Saturday, December 22, 2012

It Didn't End

The world didn't end.

They thought it would, but it didn't.

The proclamations of those believing that Dec 21st would see the end of the world echos another recent prediction by an American Evangelist that the world would end on May 21st of last year. In both situations thousands of people bought in to the 'end time' scenario and were caught short by the fact that the world simply went on.

The world didn't end.

They thought it would, but it didn't.

A few days ago I spoke with a man, a fellow rider on WheelTrans, off to the gym for a morning workout. He was in his seventh year of being disabled. He rides a souped up scooter and talked, animatedly with the friend he was travelling with about his morning workout and the upcoming trials for a high level wheelchair sports team. "I thought my world had ended," he said.

There is a woman in my apartment building who I see sometimes waiting for a taxi. In good weather she sits on the bench outside. In the rain or in the cold, she sits on one of the couches in the lobby. We spoke one day while I was waiting for Joe to bring the car around and she was waiting her regular cab driver. She told me patting her walker with real affection that when she was injured and was told that she'd always need some kind of mobility devise to get around that, "I thought my world had ended." It hadn't. It had changed, but it hadn't ended.

When I made my first ride in my wheelchair, something I've described here before, I was simply pleased to be out of Intensive Care and into the hallway and on my way to the coffee shop. One of the doctors, later in my room, said, "Well, the world as you knew it has ended." For a moment there was a crushing fear in my heart. For a moment, I believed her. But my world hadn't ended.

Some thought the world would end for all. Some of us think that it is our world that has ended. That disability is a cataclysmic event. That disability is normality's apocalypse. That disability is the cruelest kind of torment - it leaves it's victim in a world ended, living in a world that simply goes on. Those like the man on the bus, like the woman in my lobby, like me looking up at a doctors face, wearing a shaman's mask, telling me that my world was over.

The world didn't end.

We thought that it would, but it didn't.

I have a friend, an email buddy, who has a child with a fairly significant disability. She has been blazingly honest with me about her first reaction to the news that her child was born with a disability. "I thought my world had ended," she has said often. Now when she says it she says it with a kind of self mocking tone, a 'how could I have thought such a thing' incredulity enters her voice. Her child with a disability is her youngest of three - and she has now what she had then. A life full to the brim, a family, a job, a marriage.

The world didn't end.

She thought it would, but it didn't.

Tomorrow does what it tends to do ... no matter what prophets and doctors and fears tell us. Tomorrow stubbornly comes. And it brings with it what no one expects - hope.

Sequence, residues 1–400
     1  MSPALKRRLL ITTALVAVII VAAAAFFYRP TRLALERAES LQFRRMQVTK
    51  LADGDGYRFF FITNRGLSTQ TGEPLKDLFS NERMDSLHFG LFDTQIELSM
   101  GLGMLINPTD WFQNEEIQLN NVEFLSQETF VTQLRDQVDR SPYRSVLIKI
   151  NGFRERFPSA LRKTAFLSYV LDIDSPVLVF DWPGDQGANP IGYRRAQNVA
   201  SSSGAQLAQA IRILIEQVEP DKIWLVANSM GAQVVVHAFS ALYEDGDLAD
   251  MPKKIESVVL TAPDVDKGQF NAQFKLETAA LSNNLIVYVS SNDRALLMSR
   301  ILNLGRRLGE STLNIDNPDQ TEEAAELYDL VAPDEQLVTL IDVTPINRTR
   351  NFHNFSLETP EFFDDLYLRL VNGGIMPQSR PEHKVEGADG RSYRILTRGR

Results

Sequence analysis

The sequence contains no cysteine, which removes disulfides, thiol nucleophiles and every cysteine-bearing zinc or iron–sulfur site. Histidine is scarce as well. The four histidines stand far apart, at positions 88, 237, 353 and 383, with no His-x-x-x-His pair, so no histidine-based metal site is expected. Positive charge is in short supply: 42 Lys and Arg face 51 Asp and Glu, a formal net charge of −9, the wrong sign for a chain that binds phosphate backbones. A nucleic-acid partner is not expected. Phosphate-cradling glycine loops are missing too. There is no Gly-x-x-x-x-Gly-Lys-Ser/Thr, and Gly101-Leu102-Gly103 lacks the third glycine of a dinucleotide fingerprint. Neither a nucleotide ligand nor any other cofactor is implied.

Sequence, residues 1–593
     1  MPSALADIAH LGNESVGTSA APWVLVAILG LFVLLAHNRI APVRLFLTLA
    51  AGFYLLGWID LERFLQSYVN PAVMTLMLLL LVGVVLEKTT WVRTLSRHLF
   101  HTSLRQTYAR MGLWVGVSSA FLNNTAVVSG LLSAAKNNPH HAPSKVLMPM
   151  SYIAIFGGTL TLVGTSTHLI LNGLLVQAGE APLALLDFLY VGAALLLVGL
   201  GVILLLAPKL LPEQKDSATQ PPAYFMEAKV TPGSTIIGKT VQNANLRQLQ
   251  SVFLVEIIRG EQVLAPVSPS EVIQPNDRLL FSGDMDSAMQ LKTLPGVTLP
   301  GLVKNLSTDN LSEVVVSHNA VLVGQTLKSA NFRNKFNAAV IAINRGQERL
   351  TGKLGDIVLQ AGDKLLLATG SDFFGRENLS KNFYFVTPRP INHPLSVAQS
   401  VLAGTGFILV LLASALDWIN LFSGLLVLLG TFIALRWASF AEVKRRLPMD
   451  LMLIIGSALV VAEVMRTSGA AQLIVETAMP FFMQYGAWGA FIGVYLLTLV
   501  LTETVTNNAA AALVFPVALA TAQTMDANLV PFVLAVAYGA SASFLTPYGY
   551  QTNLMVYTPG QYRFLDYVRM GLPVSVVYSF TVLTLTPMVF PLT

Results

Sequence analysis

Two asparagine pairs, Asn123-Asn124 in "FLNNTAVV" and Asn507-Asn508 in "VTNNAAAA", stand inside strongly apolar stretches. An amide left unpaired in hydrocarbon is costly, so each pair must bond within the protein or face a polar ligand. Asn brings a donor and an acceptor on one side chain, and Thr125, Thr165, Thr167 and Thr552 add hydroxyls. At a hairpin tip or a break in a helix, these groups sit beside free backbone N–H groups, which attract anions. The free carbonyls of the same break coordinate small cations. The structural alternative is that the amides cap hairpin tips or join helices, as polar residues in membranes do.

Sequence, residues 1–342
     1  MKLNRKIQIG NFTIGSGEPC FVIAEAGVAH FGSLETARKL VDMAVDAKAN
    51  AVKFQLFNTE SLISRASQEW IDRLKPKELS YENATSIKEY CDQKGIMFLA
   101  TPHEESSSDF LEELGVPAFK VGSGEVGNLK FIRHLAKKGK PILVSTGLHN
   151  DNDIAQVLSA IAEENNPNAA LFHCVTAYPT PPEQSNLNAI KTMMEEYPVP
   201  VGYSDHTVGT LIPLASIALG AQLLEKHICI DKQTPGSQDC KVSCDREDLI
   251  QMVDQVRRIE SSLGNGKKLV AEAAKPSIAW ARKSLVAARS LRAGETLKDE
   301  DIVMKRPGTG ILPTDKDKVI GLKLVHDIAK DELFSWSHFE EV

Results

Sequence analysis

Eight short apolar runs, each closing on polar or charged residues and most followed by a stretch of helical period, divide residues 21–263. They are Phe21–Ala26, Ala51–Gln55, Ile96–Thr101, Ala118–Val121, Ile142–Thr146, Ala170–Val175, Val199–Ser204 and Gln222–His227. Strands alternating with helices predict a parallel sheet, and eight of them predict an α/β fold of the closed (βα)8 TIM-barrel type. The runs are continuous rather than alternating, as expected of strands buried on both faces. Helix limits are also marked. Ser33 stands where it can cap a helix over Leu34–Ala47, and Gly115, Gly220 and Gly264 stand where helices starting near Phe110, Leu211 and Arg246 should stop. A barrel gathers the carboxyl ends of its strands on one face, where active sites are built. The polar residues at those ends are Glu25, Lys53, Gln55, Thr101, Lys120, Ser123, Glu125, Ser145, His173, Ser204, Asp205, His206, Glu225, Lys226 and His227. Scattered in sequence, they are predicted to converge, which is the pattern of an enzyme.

CapriUni said...

Back 'round the 1980s, there was a local evangelical TV station that would regularly post adverts warning that widespread cultural changes were warning of "The End of the World as We Know it."

After hearing that phrase a couple dozen times, as I flipped through the channels, it occurred to me:

The world as we know it is always ending, because the world is always changing in to something new.

The world we know is always being replaced by the world we're discovering.

Just a thought.

Anonymous said...

Good morning Dave,

dont you know that we meet at your blog every morning? :-)
If we will ever meet personally I dont know. If I wouldnt get sick every winter I would have already tried to visit at one of your events in England. I dont know if I will ever be able to come to Canada...

CapriUnis comment to this blog is very philosophical. I read something similiar in Sophies World a book by Jostein Gaarder. Roughly translated it says: "Not we are born into this world, the world is given to us; to be born is to be getting the whole world as a present!"

We change this our world every minute and the moment we stop living our world stops to exist. There might be a blue spherefullof water still going on in the universe,but our world it is no more.


pattib said...

Lovely post. I don't know how many times I've said, "Your life is over" to friends and/or family members who were about to have a baby. I shouldn't be so glib. I think I'll change my mantra to "Your new life is about to begin!"

Tamara said...

Perfect post for 12/22/2012 ... :-)

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Anonymous said...

Hi Anonymous at 21:37, your comment seems a little insensitive to me, after all Dave said severel times that he writes his posts (from the heart) and in some cases if you write so much about emotionally difficult topics correct spelling seems to be secondery.

And I know for sure that if noticed or told about, Dave corrects his spelling.

But if you only comment about the spelling and not the message of his posts it seems hard to understand your motives of reading here for me.

Julia ( and yes, I have my own mistakes)

Rickismom said...

Our future only ends when we let it.

FunMumX3 said...

agreed... when my daughter was born 17 years ago and we learned she had down syndrome i thought my life was over. i wondered about her independence and if she would ever leave home. now she talks about the day she will finish school, get a job and get an apartment and i am afraid i won't be able to keep her home!